If you've been curious about keeping rooms, you're not alone, as they're on the rise. "Keeping rooms are common in Colonial style homes and are making a comeback in both renovations and new builds," Karen Wolf, of k+co LIVING, says. One key fact to keep top of mind is that these spaces are located adjacent to the kitchen—as Noel Gatts of beam & bloom interiors states, "A feeling of flow between the kitchen and keeping room is imperative." Looking to learn more about keeping rooms and possibly design your own? Below, designers chime in with the historical background, furniture suggestions, and more.
History and Purpose
Keeping rooms have existed for centuries. Traditionally, keeping rooms allowed friends and family members to gather together while enjoying access to the nearby fireplace or hearth in the kitchen, the only heat source in a home, Caroline Moore, a designer and interiors specialist at Case Architects & Remodelers, explains. "In modern times, the invention of HVAC systems eliminates the need to be close to the kitchen as a source of heat, though a fireplace is still a desired feature that complements the coziness of a keeping room," Moore adds. "What remains most consistent is the desire for guests and family members to be near the chef, which is why we all congregate as close to the kitchen as we can at dinner parties!"
Fortunate enough to have space for a keeping room in your home? Moore weighs in with some tips on how to best furnish this area. "Typically, a keeping room has softer, more comfortable furniture (think sofas or cushioned chairs) and often a table that can be used for multiple purposes aside from strictly dining," she says. Today's keeping rooms can be designed to reflect a modern family's multitude of needs. "You might find your family using this space for playing card games or tackling homework and bills, all while under the watchful eye of the chef," Moore notes. "Either way, the key to this space is making it a cozy place to sit and still be in direct contact with the kitchen."
Alternatives to Keeping Rooms
If your home doesn't boast a distinct keeping room, this is quite common. "We tend to see breakfast areas as our unofficial keeping rooms," Moore says of today's houses. "Here, we merge homework and casual meals and scramble to relocate the non-meal items come meal time!" However, if you're finding yourself getting overwhelmed by clutter in this space, you may wish to purchase some type of storage solution. "Consider a nearby hutch that might be big enough to store both dishware and those puzzles and coloring books, so that you can more easily switch between meal time and other activities," Moore advises. Building a home from scratch? "Seriously consider fitting in a modern keeping room, where you don’t have to constantly juggle what goes on the table," Moore suggests.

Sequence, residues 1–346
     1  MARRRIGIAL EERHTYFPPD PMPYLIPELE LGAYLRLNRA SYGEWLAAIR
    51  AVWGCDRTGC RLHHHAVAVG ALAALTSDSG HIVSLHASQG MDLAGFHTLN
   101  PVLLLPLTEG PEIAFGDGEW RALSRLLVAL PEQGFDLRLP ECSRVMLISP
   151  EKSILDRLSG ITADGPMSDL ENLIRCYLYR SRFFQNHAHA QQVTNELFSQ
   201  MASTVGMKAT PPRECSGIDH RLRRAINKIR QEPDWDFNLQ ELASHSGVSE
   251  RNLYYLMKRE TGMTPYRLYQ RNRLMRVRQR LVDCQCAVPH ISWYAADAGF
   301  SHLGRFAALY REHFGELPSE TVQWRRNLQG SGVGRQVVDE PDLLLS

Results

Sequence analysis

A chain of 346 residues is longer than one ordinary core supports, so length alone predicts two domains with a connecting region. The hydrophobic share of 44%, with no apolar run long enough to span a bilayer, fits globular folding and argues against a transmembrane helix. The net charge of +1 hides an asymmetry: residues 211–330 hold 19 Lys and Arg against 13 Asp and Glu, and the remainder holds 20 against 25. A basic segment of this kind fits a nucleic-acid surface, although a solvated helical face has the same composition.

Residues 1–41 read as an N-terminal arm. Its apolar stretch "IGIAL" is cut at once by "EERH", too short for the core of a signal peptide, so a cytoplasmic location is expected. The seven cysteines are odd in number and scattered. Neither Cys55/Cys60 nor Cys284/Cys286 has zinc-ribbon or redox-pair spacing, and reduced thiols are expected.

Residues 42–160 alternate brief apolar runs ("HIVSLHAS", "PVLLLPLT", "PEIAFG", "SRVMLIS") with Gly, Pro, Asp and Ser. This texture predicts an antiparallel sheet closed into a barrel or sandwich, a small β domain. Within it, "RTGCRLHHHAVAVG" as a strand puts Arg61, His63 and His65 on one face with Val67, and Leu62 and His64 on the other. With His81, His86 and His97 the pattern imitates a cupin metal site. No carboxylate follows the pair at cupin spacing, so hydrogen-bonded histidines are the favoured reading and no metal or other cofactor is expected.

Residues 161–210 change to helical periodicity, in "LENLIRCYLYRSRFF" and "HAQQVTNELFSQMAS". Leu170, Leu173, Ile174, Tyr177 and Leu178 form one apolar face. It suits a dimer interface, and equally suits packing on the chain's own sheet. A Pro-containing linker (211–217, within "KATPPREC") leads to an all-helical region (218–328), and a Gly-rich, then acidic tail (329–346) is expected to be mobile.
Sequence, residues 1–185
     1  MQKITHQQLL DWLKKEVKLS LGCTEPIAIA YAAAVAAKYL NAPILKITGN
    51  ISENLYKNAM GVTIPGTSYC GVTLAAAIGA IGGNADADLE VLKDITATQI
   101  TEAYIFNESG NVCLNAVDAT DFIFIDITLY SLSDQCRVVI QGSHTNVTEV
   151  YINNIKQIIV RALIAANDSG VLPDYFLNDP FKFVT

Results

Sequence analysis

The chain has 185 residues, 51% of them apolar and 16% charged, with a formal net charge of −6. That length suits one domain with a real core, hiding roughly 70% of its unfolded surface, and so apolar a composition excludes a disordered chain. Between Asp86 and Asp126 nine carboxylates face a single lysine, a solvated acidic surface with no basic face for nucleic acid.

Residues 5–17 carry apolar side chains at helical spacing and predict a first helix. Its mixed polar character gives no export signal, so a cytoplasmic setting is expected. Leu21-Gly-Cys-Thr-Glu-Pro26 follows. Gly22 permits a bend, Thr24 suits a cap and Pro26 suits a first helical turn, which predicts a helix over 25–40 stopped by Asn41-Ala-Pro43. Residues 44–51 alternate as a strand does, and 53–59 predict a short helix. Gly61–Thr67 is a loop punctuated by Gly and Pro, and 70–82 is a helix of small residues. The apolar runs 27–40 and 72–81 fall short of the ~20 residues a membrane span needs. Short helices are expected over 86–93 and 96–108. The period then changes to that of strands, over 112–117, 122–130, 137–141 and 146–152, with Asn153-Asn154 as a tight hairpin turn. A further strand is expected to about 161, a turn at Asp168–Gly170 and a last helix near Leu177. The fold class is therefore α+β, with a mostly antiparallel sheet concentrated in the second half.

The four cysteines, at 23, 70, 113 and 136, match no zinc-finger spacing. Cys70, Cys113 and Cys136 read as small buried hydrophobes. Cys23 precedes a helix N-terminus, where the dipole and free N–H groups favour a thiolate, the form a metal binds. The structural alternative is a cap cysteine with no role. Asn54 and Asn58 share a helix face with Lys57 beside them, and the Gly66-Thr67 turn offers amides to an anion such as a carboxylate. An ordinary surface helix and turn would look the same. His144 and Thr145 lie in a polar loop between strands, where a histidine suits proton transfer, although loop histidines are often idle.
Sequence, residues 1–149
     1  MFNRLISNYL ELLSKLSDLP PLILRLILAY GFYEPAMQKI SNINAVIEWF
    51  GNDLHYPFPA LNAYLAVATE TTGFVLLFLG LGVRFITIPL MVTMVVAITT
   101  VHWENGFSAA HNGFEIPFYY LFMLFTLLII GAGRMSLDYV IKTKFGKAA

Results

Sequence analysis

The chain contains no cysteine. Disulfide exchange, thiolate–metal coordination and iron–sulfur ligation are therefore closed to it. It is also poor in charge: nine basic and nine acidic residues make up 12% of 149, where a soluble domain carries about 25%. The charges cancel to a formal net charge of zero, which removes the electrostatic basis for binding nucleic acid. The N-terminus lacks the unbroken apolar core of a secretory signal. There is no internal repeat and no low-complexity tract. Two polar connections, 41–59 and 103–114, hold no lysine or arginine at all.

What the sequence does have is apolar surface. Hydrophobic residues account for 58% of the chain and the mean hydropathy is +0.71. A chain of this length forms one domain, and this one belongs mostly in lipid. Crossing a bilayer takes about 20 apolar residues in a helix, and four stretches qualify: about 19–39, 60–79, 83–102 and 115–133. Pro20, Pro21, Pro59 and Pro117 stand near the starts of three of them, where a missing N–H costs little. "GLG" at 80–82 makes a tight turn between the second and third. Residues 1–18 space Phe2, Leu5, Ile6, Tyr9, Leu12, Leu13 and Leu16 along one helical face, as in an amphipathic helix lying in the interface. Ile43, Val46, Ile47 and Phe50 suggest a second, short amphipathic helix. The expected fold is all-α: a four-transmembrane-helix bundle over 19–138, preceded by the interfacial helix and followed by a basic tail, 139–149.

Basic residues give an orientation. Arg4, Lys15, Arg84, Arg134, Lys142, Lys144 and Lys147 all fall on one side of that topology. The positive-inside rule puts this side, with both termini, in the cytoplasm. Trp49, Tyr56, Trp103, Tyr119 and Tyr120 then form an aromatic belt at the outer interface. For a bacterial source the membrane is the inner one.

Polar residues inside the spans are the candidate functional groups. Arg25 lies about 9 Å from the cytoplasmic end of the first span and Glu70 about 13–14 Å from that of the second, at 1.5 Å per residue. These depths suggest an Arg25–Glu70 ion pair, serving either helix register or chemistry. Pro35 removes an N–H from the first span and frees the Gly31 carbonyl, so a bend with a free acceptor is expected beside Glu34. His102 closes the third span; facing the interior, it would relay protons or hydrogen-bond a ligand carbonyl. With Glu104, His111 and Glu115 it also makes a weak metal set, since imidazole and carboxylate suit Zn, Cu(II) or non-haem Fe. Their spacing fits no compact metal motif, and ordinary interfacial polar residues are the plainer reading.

Another common alternative to a keeping room that we see in today's homes is the use of the kitchen island as a gathering space, Moore notes. She provides a few suggestions for making the most of this setup without distracting the individual cooking dinner. "Consider under-counter cubbies where you can safely tuck away laptops and homework when it’s time to eat breakfast or appetizers on top of the island," Moore offers. "Also consider an island configuration where some of the stools face each other from adjacent corners to the chef, so the guests can also converse easily with one another, and the host doesn’t feel like a short-order cook at a diner!"
Keeping Rooms vs. Family Rooms vs. Living Rooms
If you're noticing similarities between keeping rooms and family rooms and are wondering how exactly these two spaces differ, Moore weighs in with some key distinctions. Keeping rooms are always adjacent to the kitchen and feature seating areas that can be utilized for a range of activities, while family rooms are in the back of the home and are more casual in nature, being a place to curl up for movie nights, she says. However, some keeping rooms certainly do contain TVs. Living rooms or sitting rooms generally lean formal and are positioned in the front of the home. "This is the room where guests can sit and have conversations without the distractions and presence of a TV or the chaos of kids’ toys," Moore clarifies.
Of course, you can opt to turn your formal living room into a keeping room if you feel as though you'd use the latter space more. "Don’t overlook the idea of removing that wall between the kitchen and that often neglected front living room," Moore suggests. Those planning to tackle larger revamps may wish to move the kitchen so that it's located closer to the living room—perhaps placing it where the dining room was initially built. "Then, perhaps, you can merge your less used formal dining table with your overworked breakfast table, throw in an additional island with bar stools, and re-purpose your formal front living room as the bonus keeping room, making it a more cozy, more versatile space for guests, homework, and game night," Moore concludes.